Thus far in this 3-year fiasco of mismanagement and corruption, weíve avoided a financial crisis. Thatís for specific reasons. We just had not traveled there in the trajectory of the inevitable. Are we there yet? Maybe. In any case, the speed of change is accelerating. All we await is to observe the extent of the contagion.
The failure of the Silicon Valley Bank (SVB), $212 billion in assets until only recently, is a huge mess and a possible foreshadowing. Its fixed-rate bond holdings declined rapidly in market valuation due to changed market conditions. Its portfolio crashed further due to a depositor run. And it all happened in less than a few days.
Itís all an extension of Fed policy to curb inflation, reversing a 13-year zero-rate policy. This of course pushed up rates in the middle and right side of the yield curve, devaluing existing bond holdings locked into older rate patterns. Investors noticed and then depositors too. The high-flying institution that specialized in providing liquidity in industries that have lost their luster suddenly found itself very vulnerable.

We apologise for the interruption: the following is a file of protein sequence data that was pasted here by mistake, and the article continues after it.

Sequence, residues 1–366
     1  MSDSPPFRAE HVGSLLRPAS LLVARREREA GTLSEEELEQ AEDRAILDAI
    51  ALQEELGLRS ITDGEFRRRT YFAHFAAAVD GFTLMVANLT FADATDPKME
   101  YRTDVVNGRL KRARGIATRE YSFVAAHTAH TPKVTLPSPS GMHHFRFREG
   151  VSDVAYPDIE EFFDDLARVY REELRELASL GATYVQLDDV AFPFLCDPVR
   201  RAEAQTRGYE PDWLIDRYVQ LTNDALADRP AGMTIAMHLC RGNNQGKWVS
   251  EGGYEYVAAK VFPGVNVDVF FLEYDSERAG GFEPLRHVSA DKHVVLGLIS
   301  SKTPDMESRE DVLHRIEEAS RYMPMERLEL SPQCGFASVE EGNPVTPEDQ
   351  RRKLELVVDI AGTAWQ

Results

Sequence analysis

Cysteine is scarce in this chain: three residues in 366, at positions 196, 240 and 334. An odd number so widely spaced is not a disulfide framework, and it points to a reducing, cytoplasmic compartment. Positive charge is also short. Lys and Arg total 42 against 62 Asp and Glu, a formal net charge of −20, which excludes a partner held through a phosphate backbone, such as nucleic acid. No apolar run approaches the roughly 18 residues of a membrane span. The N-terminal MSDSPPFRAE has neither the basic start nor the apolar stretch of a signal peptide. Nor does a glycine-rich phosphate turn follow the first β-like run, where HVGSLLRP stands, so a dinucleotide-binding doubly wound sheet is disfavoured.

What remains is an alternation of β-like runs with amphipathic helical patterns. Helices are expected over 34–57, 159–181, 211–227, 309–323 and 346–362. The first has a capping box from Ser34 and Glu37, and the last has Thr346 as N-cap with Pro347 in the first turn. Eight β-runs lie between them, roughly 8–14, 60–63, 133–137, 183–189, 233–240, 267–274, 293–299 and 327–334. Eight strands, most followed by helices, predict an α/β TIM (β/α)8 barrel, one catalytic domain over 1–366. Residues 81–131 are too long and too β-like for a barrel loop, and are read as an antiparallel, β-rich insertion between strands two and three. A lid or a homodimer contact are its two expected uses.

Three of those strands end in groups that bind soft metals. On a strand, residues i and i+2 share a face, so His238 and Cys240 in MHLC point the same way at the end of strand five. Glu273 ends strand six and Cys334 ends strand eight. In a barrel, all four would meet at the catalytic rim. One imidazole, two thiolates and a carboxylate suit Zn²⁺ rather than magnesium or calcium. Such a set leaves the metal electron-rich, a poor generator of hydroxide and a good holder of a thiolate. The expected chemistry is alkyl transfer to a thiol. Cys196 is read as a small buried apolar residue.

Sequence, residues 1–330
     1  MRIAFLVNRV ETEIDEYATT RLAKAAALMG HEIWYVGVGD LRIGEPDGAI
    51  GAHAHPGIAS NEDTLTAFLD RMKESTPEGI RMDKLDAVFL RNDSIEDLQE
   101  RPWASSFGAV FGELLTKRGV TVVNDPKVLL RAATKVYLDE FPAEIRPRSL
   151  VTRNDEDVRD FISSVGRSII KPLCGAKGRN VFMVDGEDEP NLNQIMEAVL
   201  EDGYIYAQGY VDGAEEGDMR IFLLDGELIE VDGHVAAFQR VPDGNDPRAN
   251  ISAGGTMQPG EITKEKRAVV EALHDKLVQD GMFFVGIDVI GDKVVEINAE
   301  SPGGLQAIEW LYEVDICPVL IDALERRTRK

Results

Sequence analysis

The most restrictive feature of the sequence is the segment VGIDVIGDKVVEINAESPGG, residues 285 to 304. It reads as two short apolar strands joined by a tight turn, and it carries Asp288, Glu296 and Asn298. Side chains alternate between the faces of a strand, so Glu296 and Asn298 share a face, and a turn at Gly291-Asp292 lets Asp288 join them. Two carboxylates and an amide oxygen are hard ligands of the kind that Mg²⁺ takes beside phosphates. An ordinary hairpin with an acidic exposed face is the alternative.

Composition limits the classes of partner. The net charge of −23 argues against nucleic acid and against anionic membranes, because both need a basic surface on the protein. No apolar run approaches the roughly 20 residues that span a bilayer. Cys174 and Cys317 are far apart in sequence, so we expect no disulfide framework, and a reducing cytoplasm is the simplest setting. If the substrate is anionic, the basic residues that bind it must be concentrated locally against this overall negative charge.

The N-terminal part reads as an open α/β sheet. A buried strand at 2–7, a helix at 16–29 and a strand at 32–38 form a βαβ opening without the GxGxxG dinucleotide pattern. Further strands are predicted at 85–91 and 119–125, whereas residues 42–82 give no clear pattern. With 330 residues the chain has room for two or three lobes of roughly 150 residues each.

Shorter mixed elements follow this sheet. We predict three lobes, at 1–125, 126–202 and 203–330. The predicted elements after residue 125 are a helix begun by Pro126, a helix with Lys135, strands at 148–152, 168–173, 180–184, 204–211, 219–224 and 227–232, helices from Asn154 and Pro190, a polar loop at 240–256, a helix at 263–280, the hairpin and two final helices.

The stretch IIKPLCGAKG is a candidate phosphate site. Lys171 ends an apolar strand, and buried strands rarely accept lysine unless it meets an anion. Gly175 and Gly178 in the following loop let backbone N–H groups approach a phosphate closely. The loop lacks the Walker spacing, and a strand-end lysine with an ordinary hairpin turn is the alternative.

In addition, the bank was exposed with a portfolio of collateralized mortgage obligations and mortgage-backed securities. But with rates rising, those are coming under stress too as high leverage in housing and real estate become untenable amidst falling valuations. Borrowers are finding themselves under water and that in turn adds to stress on lenders.
And where did SVB, and the entire banking industry, get the funds to bulk up their portfolios with such debt holdings? You guessed it: stimulus payments. Billions flooded in and it had to be parked somewhere making some return. At the time it seemed like a good deal, until Fed policy changed.